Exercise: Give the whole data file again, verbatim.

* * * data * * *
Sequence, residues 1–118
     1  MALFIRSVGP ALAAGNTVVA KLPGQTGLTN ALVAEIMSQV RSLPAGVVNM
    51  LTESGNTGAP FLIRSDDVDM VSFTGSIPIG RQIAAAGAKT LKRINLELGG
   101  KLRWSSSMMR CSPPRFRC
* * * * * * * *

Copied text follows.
Sequence, residues 1–118
     1  MALFIRSVGP ALAAGNTVVA KLPGQTGLTN ALVAEIMSQV RSLPAGVVNM
    51  LTESGNTGAP FLIRSDDVDM VSFTGSIPIG RQIAAAGAKT LKRINLELGG
   101  KLRWSSSMMR CSPPRFRC